The food we eat

By Alex P. Vidal

“Man seeks to change the foods available in nature to suit his tastes, thereby putting an end to the very essence of life contained in them.” — Sai Baba

WE become conscious of the food that we eat primarily because of health reasons.

According to a dietician, we are the food that we eat.

Why people in ancient times lived longer than people in modern times? Probably because of the quality of food they ate.

Biblical figures lived up to 800 years.

Today, at 60, many of us are already “bog bog sarado” from different ailments and complications and are frequent visitors in the doctor’s clinics if not confined in the hospitals.

By 70, some of us are wheelchair-bound.

Those lucky to reach 80 stay in bed until the trip to the kingdom come beckons.

Some food give us diseases because they are contaminated by chemicals and preservatives.

To be healthy, according to health experts, our body needs fuel-foods, fats and carbohydrates (sugars starches) to provide energy; proteins, such as meat, to build new tissues for growth or to replace those worn out; calcium, in milk, for strong bones and teeth; and various minerals, including salt, that help the body to maintain its chemical balance and to carry on its functions.

We learned that vitamins actually are not foods, but these “food-factors,” as they are called, are essential.

They help the body to make use of the food we eat, doctors say.

Vitamins already present in food are usually enough for a normal person if his diet is otherwise well-balanced, they add.

Every day we are advised to eat some foods from each of these groups:

(1) milk or milk products, including cheese—at least a pint of milk for an adult and more for a child;

(2) citrus fruits (oranges, grapefruit), tomatoes, or raw cabbage or salad greens—at least one;

(3) green or yellow vegetables, some raw, some cooked—at least one big serving;

(4) other vegetables or fruits, including potatoes;

(5) bread and cereals;

(6) meat, poultry or fish;

(7) eggs—three or four a week at least;

(8) butter or another vitamin-rich spread.

We will all die anyway, so it’s better to make an exit with grace.


WE are part of a long history and the present is what it is because of all that has gone before — because forgotten empires rose and fell in antiquity; because unknown Greeks obeyed the Greek captains who defeated the Persians; because the Romans destroyed Carthage; because Mark Antony fell in love with Cleopatra; because the Western Christians grew tired of trying to drive the Arabs from Egypt; because the merchants of the west traded with India and China for profit; because Columbus discovered America; and Martin Luther preached against the pope, and Napoleon overran Europe.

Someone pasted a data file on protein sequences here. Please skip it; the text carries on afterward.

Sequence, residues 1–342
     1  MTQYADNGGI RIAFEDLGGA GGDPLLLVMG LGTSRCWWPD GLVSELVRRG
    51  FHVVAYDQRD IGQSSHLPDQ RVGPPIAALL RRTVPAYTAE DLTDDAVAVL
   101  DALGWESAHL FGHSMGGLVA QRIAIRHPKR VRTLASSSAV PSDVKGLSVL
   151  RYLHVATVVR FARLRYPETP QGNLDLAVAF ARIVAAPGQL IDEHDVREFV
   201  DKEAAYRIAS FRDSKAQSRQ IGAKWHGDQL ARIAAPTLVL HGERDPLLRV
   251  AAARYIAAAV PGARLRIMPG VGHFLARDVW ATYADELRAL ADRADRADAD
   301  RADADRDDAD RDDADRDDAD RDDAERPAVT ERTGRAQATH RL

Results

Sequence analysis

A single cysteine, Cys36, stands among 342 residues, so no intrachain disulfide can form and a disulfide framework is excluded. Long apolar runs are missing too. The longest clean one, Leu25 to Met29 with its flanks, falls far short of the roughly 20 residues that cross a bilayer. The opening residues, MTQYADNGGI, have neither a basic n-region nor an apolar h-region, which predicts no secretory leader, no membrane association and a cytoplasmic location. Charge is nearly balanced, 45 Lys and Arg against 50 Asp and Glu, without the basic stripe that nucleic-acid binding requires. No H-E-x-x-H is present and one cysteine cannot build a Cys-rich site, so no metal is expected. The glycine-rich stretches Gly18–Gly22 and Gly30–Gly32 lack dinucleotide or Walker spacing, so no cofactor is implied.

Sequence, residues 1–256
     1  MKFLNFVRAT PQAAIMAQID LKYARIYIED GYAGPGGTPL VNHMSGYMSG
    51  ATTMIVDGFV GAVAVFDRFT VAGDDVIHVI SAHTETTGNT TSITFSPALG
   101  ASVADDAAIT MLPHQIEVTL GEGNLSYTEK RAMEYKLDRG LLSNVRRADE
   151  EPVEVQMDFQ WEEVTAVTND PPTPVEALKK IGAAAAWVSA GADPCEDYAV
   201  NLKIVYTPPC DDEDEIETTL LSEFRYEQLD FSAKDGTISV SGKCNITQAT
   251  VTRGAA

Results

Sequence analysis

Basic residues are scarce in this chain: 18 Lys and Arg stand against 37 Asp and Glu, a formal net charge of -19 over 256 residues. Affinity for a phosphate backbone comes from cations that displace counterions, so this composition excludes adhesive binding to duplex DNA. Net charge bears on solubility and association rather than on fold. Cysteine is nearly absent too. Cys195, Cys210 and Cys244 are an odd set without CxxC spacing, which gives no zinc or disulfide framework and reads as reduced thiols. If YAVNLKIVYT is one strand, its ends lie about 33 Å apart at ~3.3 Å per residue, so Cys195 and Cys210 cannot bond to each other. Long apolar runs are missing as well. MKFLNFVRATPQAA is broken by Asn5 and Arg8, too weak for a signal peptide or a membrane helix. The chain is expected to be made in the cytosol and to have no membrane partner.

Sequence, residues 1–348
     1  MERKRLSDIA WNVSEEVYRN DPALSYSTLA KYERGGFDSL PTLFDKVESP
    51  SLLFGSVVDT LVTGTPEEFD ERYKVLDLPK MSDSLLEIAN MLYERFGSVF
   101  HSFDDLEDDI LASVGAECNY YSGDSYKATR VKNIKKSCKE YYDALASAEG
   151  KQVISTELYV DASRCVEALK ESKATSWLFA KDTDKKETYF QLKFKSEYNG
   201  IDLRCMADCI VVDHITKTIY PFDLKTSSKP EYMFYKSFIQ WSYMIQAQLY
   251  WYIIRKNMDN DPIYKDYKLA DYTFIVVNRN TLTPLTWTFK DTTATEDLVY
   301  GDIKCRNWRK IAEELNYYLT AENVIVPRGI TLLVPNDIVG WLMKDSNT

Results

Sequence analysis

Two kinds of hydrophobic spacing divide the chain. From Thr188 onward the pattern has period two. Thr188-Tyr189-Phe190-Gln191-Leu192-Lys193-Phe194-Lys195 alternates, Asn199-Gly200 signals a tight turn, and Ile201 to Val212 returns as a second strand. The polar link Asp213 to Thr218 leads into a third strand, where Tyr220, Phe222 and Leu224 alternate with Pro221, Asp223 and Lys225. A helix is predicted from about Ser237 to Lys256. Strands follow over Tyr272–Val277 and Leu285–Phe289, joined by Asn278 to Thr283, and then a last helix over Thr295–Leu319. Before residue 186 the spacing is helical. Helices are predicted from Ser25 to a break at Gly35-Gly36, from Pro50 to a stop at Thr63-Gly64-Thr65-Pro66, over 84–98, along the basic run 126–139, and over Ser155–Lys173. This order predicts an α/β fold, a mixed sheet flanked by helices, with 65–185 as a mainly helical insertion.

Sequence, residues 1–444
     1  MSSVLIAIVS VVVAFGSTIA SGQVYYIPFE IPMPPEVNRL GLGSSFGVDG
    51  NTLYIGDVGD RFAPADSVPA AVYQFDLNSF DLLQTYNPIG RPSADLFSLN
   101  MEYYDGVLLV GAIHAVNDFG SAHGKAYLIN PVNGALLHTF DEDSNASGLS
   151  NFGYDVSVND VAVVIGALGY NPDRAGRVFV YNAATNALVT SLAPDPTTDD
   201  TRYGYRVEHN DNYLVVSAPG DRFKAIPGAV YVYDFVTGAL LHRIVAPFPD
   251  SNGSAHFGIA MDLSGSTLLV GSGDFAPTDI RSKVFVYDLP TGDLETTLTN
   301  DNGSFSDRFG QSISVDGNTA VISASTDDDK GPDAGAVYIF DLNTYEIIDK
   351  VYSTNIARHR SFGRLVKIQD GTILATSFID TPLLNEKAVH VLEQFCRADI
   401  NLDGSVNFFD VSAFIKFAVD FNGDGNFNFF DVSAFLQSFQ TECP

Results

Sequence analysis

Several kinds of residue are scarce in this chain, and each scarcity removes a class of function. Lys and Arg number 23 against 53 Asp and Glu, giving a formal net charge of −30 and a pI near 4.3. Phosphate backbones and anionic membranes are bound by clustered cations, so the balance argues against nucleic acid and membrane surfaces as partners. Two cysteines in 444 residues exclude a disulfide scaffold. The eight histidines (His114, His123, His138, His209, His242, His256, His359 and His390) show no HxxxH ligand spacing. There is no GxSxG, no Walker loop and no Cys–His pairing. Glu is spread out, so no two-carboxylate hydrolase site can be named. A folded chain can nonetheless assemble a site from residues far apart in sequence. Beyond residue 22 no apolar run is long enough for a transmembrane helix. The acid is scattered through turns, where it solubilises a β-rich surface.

Never mind if some of their ilk are still very much alive today, enriching themselves astronomically, killing people left and right, and violating our laws with impunity.

Their time will come, anyway. Crime doesn’t pay.

History, in fact, is not kind to some of the most notorious gangsters based on the way they died:

–Joe Aiello (1928-1930), assassinated October 23, 1930.

–Al Capone (1899-1947), syphilis and pneumonia.

–Steve Ferrigno, assassinated November 5, 1930.

–Antonio Lombardo, assassinated September 7, 1928

–Salvatore Maranzano, assassinated September 11, 1931.

–Giuseppe Masseria (Joe the Boss), assassinated April 10, 1931.

–Bugs Moran (August 1891 – February 25, 1957), lung cancer.

–Alfred Mineo, assassinated November 5, 1930.

–Joseph Pinzolo assassinated September, 1930.

–Gaetano Reina, assassinated February 28, 1930.

–John Torrio (The Fox), heart attack April 16, 1957.

–Frankie Yale, assassinated July 1, 1928.

(The author, who is now based in New York City, used to be the editor of two daily newspapers in Iloilo.—Ed)